- Cooling priority - the zone(s) calling for cooling will be satisfied before the zones calling for heating
- Zone priority - the closer to 1 the zone is, the more priority it has. In a nutshell, when zone 1 calls for heat or cool, then it and any other zone with the same call will be addressed. When zone 1 is not calling, and zone 2 calls for heat or cool, then it and any other zone with the same call will be addressed. If zone 1 and 2 are not calling, and zone 3 calls for heat or cool, then it will be addressed and zone 4 will also be addressed if it is the same type call as zone 3. If zones 1, 2, and 3 are not calling and zone 4 calls for heat or cool, then it will be addressed by itself.
Here is a zone priority example: Zone 1 is not calling for heating or cooling. Zone 2 calls for heating, so the heat pump turns on and starts putting heat into zone 2. A few minutes later, zone 4 calls for heat, so the Atlanta control board opens the damper for zone 4, and begins putting heat into that zone as well. Then, zone 1 calls for cooling. The damper for zone 1 opens, the freon reversing valve changes direction, the fan changes speeds, and the heat pump starts making cooling. A few seconds later, the dampers for zones 2 and 4 close. After a while, when the cooling call in zone 1 is satisfied, everything reverses back to making heating for zones 2 and 4 because they are still calling. (return to summary page)
Because of the physics of the the inertia of blower fans, when we turn them off, they continue to spin, moving air volume as they spin to a stop. Because of this, in a system with zone dampers, when dampers are closed, the fan may still be spinning, creating destructive pressure. Georgia Controls designed the Atlanta series control board to include adjustable damper close delays for just this reason. When a zone is to be closed, it waits to close the damper several seconds to give the fan time to spool down, or to allow another damper to open up to protect the plenums and ducts from damage. (return to summary page)
For a geothermal heat pump to work, there has to be an ample supply of liquid to transfer heat to or from. To help assure sufficient flow to transfer the heat, the Atlanta series control board starts the pump prior to starting the compressor(s). For closed loop systems, a loop pre-flow of as little as 1 second can be selected. However, the loop pre-flow can be extended to as much as 180 seconds for systems (especially open loop ones) which need a long pre-flow time to get slow turning valves wide open. (return to summary page)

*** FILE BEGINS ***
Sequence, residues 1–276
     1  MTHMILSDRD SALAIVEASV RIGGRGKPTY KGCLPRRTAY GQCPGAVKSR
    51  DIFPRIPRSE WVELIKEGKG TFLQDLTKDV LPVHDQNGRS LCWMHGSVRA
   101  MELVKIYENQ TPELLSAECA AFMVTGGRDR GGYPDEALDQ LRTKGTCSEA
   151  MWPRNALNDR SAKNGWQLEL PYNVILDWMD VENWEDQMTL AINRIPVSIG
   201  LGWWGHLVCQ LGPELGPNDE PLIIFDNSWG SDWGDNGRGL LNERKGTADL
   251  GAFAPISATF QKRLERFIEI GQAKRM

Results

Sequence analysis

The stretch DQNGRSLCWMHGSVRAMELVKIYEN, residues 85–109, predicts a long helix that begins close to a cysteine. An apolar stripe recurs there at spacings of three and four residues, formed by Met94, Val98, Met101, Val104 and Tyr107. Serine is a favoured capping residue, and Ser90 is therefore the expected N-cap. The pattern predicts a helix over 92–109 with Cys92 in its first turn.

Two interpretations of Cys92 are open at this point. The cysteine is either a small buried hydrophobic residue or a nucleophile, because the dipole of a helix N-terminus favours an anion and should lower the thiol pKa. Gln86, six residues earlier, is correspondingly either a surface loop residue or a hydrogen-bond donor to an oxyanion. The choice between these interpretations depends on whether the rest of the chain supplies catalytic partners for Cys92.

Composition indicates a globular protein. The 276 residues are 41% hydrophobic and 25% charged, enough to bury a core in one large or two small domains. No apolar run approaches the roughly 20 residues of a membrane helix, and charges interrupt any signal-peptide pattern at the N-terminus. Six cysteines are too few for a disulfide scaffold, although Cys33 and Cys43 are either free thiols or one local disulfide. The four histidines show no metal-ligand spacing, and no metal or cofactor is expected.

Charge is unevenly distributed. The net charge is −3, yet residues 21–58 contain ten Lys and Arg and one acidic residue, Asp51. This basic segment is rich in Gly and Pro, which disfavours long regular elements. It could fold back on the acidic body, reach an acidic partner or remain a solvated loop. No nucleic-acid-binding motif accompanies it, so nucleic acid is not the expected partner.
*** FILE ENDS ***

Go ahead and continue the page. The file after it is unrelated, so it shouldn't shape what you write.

You no longer need to size your ducts so that every zone is big enough to take every stage!
(read that statement again!)
One of the biggest "claims to fame" for the Atlanta series control board is its ability to mix differently sized zones on one multi-stage heat pump. This easy to set up ZoneSum TM system is a real marvel in this industry because zones only get the maximum tonnage and air flow that they are capable of handling. This amount of control allows installers to make small duct runs so small zones can be conditioned by ducts which cannot take the maximum air output of the heat pump. Zones with larger ducting can be set up to call for higher stages, and smaller zones only for lower stages, or even no stage for parasitic micro-zones! Here are some examples of how an installer might set up a heat pump using powerful ZoneSum TM technology:
- Mixing big and small zones - Zone 1 is a large zone and can accept 4 tons, and zone 2 is capable of 2 tons. When zone 2 calls with Y1 it gets stage 1 (2 tons). Then zone 1 calls with Y1 and both zones share air flow on stage 1. Later zone 2 calls with Y2, and the heat pump changes to stage 2 (4 tons). Since zone 1 and zone 2 combined tonnage is capable of 4 tons, this is not too much air for zone 2. Later zone 1 is satisfied, and zone 2 is still calling for Y2, but the heat pump changes back to stage 1 because zone 2 is only capable of 2 tons of air flow.
- Equal small zones - The ducts in zones 1 and 2 are each sized equally and are each able to flow 2 tons worth of air. A Y1 from either zone will result in a 2 ton, stage 1 response. A Y2 from either zone by itself results in a 2 ton, stage 1 response. A Y2 call from either zone in combination with a Y1 or Y2 from the other zone will result in a 4 ton, stage 2 response.
- Tiny zones - Occasionally, a small zone is needed that has duct work that is too small to support the smallest stage in the heat pump. The micro-zone has a thermostat but cannot take any stage of heating or cooling by itself. If any other zone is calling, the micro-zone can open its damper and get some heating or cooling too. (return to summary page)